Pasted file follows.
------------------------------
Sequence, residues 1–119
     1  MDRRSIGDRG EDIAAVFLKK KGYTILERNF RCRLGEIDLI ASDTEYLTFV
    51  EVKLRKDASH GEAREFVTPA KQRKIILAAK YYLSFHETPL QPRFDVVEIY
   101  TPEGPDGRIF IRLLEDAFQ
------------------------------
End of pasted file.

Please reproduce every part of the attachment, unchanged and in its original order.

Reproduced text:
Sequence, residues 1–119
     1  MDRRSIGDRG EDIAAVFLKK KGYTILERNF RCRLGEIDLI ASDTEYLTFV
    51  EVKLRKDASH GEAREFVTPA KQRKIILAAK YYLSFHETPL QPRFDVVEIY
   101  TPEGPDGRIF IRLLEDAFQ